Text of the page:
Sure, a $100 price drop on the Xbox One is great for us. First things first, it's less money to fork over for a new game console. Second, no Kinect, which means no all-seeing eye judging our tawdry lifestyle. But what if you're a Kinect game developer? What if you're, say, a member of the studio with the most successful third-party game franchise for Kinect, and you're in the middle of making an exclusive Disney game for it?

Yup, that about sums it up. And that's exactly how Harmonix director of publishing and PR John Drake put it just moments after Microsoft made its announcement this morning. Harmonix publicist Nick Chester followed up with the (slightly) more positive, "Now Kinect designers have to work extra hard to innovate and make solid software. Good thing we were already doing that!" Yikes! There's also an official, far less exciting statement.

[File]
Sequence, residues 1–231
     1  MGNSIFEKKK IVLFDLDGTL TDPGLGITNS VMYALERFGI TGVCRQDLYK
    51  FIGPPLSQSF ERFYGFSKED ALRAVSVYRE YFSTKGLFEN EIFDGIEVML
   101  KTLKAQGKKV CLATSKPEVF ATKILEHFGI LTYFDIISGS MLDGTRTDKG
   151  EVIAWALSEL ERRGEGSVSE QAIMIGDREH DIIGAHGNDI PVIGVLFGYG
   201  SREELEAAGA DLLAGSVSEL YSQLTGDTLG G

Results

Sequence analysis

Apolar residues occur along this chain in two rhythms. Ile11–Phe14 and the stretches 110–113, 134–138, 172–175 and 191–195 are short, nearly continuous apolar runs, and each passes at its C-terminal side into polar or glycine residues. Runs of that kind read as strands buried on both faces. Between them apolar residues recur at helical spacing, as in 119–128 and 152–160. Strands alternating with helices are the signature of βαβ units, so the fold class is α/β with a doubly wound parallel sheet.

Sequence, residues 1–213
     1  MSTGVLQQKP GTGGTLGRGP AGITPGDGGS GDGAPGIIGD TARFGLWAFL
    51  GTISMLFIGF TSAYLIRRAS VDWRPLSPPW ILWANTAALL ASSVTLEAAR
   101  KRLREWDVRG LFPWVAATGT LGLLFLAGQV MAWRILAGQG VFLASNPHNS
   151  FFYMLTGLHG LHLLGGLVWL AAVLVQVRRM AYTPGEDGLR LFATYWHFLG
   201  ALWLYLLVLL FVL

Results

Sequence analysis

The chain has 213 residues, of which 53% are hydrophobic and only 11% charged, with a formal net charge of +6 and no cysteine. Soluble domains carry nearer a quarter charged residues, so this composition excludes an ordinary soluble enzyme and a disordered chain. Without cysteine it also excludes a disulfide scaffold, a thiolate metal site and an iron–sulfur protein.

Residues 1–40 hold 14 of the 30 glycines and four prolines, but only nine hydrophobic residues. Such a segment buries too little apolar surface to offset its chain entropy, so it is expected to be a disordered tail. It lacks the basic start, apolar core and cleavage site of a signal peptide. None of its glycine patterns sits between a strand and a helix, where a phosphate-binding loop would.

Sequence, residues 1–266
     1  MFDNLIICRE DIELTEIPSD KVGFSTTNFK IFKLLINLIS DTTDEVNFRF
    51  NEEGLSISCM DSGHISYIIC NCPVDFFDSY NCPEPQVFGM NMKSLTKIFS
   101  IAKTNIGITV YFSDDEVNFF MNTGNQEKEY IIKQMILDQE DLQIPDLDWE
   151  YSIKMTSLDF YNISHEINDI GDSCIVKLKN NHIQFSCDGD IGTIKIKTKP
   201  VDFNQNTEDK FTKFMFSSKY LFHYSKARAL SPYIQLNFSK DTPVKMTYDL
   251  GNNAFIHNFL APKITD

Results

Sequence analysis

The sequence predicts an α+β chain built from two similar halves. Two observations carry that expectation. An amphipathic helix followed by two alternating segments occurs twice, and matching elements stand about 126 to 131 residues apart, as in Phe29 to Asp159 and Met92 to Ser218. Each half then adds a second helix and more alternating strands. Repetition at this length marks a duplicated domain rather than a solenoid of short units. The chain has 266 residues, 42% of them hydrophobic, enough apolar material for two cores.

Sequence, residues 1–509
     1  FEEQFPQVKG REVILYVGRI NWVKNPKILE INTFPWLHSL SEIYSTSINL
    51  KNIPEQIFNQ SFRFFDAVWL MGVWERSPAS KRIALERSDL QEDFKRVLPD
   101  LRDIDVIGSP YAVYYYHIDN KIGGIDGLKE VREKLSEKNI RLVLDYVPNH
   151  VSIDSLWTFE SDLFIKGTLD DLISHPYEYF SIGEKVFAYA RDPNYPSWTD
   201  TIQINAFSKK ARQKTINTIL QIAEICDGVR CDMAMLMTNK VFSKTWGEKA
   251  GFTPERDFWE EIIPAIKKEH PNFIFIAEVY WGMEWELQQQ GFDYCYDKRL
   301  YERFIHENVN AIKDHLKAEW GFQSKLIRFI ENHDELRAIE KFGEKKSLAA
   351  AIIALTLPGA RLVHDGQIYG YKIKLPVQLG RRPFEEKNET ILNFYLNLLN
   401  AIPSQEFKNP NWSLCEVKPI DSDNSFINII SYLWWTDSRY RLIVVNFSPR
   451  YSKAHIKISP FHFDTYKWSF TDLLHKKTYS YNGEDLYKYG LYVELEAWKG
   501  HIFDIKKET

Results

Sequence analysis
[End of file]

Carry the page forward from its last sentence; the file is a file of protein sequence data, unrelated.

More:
Harmonix issued the following, more finessed statement:

"As avid gamers, we're excited for fans to have more choices out there. As game makers, this platform change doesn't affect our strategy – it reinforces that we must continue to focus on building innovative, compelling and well-designed motion experiences to motivate consumers to buy our games. We believe that tightly-crafted motion games can be great, genre-defining interactive experiences, as we've proven with the Dance Central franchise on Kinect for Xbox 360, and we're eager to prove it again with Disney Fantasia: Music Evolved this fall on both Xbox One and Xbox 360."

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Xbox One without Kinect is great for consumers, terrible for Kinect game developers